“I only shoot on film. I think real film and shooting in reality sets up a wall of parameters you can work within. Already, life itself offers so much scope. I have a rhythm and it’s a rhythm of 12 exposures on a roll of film. I really think about the picture when I take it. I’ve experimented a lot with a digital camera, but when I take a picture on my 6×7 camera that gives me a negative about that big,” he says, holding up the palm of his hand, “and I blow it up for a big print in a show, that’s what I love, that’s what I signed up for.” ~ T. Walker
Tim Walker Shoots Film
OK, that’s all I need to know. Everyone insists that he is digital. His fantastical imaging must be digital. His constant work in Vogue and other periodicals must be digital. His high end campaigns must be digital. After all, what art director would let him shoot film at that level? Well, sorry to disappoint,…but it’s film. Mostly 6×7 employing a Pentax 67 camera. And, yes, he does shoot digital at times. It’s really not a big deal. (Tim Walker Pirelli)
He is probably the Avedon of our era. (see below) I have yet to see an image by him that doesn’t inspire. He is probably one of the most creative photographers today. Words like magical, creative, whimsical and exquisite are always part of the wording used when describing this British photographers work.
A Fast Start
He entered The Independent’s photography awards, and led to a degree at Exeter College of Art. Upon graduation, he moved to NYC, and became Avedon’s first assistant. I’m sure that experience exposed him to only the highest of production values. When he returned home, he concentrated on portraiture and doing work for various newspapers. But in 2005, at only 35, he shot his first editorial for British Vogue! And it was “off to the races”.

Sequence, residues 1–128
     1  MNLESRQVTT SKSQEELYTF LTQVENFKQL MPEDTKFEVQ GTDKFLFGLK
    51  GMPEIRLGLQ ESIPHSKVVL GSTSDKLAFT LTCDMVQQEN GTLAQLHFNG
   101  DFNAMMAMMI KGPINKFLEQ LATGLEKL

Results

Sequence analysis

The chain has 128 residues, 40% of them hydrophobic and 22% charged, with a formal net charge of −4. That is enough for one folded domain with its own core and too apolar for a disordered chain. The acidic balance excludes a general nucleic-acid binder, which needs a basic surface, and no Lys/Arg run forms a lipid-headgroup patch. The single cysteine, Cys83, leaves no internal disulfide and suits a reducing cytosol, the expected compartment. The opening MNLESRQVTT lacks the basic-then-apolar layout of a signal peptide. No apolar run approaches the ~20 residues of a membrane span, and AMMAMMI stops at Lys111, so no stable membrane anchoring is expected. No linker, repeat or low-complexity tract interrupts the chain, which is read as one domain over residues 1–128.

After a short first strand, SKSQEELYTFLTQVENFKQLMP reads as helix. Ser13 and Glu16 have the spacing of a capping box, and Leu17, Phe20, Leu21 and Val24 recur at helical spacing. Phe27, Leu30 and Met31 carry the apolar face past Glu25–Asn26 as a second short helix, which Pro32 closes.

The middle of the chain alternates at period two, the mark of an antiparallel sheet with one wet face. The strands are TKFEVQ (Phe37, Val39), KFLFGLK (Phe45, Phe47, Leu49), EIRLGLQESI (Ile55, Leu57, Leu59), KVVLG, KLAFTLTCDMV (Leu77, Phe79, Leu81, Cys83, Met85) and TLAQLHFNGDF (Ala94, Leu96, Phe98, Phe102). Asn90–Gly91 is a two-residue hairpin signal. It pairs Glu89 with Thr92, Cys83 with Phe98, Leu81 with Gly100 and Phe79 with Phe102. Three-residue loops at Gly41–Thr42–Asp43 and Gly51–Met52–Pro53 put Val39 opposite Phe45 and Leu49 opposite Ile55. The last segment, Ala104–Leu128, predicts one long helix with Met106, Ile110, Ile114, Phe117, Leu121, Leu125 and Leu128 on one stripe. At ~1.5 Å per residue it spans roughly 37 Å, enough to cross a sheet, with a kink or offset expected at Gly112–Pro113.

Major Exhibitions and Books
By 2008, he already had his first major exhibition, and released his first book, “Pictures”. Now he’s hugely popular in with all the major magazines and high end designers. His blistering career has catapulted him to the top of the very competitive fashion industry at a surprisingly young age.
But in the end, he believes it’s what’s in your mind’s eye that’s important, and a camera is nothing more than a box. From an Instamatic to his present day equipment, his philosophy should be an inspiration for young photographers. Find Pentax 6×7